Yale-New Haven Teachers Institute Home

Reading, Writing, and Reciting

Jeanne Sandahl

Contents of Curriculum Unit 89.02.07:

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It’s my belief that poetry, once queen of the arts and an important component in man’s rise from the caves, has fallen on hard times, at least in Western culture. We pay muscle-bound football players millions of dollars to kick a bit of pigskin around, but not more than a handful of poets can live by their art. In Japan, Emperors write poetry and are proud of it; in Russia poets may be worshipped as Rock stars are in the U.S.; but only one president in my lifetime has called on a poet to be a part of an important ceremony, and none that I can recall has singled out any poets for special recognition in other ways. Even that kiss-of-death job, U.S. Poet Laureate, seems to have decayed into disuse. Poetry, which once was culture-bearer, historian, myth-maker, legendkeeper, and entertainer, all rolled into one, seems to have very little place in this society.

Obviously, no unit, however stellar, and no teacher, however gifted, can ever single-handedly do much to restore this art to its former state of glory—much less me, a humble 4th grade teacher in a typical city school. I struggle with the attempt to raise reading scores to a respectable level; hoping at the same time to provide some of the glimpses into those things that can lift horizons and give direction and meaning to life, among which I include poetry. Still, perhaps I can come up with an experimental unit that will give some New Haven children, for one school year, some sense of what poetry can do to enrich, celebrate, and liberate our daily life.

In the typical classroom, and mine is one, we use the basal reader system, with its constant check-tests and heavy record keeping. There is also a Language basal system with the same burdens. Struggling to bring all your charges up to “level” leaves little time for excursions into realms not provided for in the texts. It is true that recent texts try hard to provide for different forms of enrichment, and there are even small units on poetry in some of them. But I propose, in my 4th grade classroom, to try to recreate in microcosm some of the roles poetry has had in larger society. As real poetry is part of life, I want to make it an integral part of the curriculum. I want it to infiltrate reading, writing, math, social studies; I want it to give expression to my student’s emotional and social exchanges.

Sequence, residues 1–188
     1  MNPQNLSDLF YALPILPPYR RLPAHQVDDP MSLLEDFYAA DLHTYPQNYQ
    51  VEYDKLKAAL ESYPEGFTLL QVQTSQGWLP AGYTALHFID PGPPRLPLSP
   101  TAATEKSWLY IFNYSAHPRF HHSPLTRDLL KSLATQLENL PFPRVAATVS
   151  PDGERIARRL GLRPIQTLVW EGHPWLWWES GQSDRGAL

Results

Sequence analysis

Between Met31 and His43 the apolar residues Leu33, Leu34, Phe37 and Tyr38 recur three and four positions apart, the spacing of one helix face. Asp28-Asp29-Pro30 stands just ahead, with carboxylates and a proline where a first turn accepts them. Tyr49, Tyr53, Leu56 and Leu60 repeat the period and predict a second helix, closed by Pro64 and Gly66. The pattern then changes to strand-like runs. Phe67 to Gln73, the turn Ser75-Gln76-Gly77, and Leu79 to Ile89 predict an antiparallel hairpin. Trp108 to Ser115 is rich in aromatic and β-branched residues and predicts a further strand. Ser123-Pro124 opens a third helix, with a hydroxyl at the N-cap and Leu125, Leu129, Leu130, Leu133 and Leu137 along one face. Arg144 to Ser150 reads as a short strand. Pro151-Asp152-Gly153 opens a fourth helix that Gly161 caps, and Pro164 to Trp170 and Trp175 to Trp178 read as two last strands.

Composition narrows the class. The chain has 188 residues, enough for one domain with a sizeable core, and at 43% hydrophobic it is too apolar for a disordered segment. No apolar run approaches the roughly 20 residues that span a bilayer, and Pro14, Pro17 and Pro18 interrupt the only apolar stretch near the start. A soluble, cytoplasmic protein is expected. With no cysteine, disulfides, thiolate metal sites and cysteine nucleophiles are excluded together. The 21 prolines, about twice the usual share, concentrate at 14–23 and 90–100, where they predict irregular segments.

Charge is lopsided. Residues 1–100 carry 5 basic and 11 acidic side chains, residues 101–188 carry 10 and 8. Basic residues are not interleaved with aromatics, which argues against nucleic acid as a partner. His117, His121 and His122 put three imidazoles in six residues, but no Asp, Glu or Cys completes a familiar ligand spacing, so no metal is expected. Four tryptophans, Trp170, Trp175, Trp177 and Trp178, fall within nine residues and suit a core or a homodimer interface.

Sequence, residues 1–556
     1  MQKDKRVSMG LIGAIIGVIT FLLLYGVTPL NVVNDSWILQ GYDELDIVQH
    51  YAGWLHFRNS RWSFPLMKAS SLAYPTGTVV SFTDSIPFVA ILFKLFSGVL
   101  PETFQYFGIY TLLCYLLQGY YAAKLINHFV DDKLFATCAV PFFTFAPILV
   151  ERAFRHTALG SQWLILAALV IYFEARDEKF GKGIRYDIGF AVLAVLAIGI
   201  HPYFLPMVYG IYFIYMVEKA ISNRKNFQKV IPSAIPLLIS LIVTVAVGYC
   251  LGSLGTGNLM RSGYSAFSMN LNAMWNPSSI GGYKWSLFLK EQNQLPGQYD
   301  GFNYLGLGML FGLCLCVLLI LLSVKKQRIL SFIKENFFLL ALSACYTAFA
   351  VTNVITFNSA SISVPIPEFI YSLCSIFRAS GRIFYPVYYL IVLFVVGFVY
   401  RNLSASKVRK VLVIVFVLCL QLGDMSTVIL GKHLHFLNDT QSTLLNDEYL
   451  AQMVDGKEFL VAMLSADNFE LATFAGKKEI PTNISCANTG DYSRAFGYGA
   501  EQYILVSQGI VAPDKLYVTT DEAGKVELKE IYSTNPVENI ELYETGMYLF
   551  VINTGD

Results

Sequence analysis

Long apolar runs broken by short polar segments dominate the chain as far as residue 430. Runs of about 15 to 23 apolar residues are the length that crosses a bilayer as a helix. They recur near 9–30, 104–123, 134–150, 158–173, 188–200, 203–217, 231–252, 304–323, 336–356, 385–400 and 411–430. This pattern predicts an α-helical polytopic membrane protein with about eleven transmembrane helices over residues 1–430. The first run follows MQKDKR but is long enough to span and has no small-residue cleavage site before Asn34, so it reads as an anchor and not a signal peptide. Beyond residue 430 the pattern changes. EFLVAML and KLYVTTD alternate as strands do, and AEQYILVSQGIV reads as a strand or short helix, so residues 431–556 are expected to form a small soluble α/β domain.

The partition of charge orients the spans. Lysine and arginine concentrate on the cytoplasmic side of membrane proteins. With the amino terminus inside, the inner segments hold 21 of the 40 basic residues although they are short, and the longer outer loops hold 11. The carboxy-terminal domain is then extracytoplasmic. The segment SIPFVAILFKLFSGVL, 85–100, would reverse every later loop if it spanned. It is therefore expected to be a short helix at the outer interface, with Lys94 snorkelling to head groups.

And I want them to know that poetry is FUN.

This unit, then, is meant for use throughout the school year. It is designed to have a three-strand approach, which will sometimes overlap. Weekly lessons might employ any or all of the three strands. These weekly lessons, built into one subject or another, will pursue three overall aims: the intelligent reading and understanding of poetry; the acquisition of confidence in the ability to write poems; and the memorization and recitation of some meaningful poetry from our common culture.

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Over the course of the year my overall objectives are these:

To expand students’ experience and exposure to poetry by restoring it to a place of prominence in school activities and life in these ways:
____1. ceremonial: assemblies, plays and projects
____2. celebratory occasions: Halloween, Christmas
____3. entertainment and shared experience: writing poems or reciting them to provide fun for each other
To increase students’ higher thinking skills through analysis of the ideas, techniques, and devices employed by poets.
To widen experience with the many poetic forms and devices by urging students to use them as they write their own poems.
To give students a freer outlet for the expression of feelings and ideas through the poems they write.
To improve reading, expressive, and communicative skills through memorization of worthwhile poetry.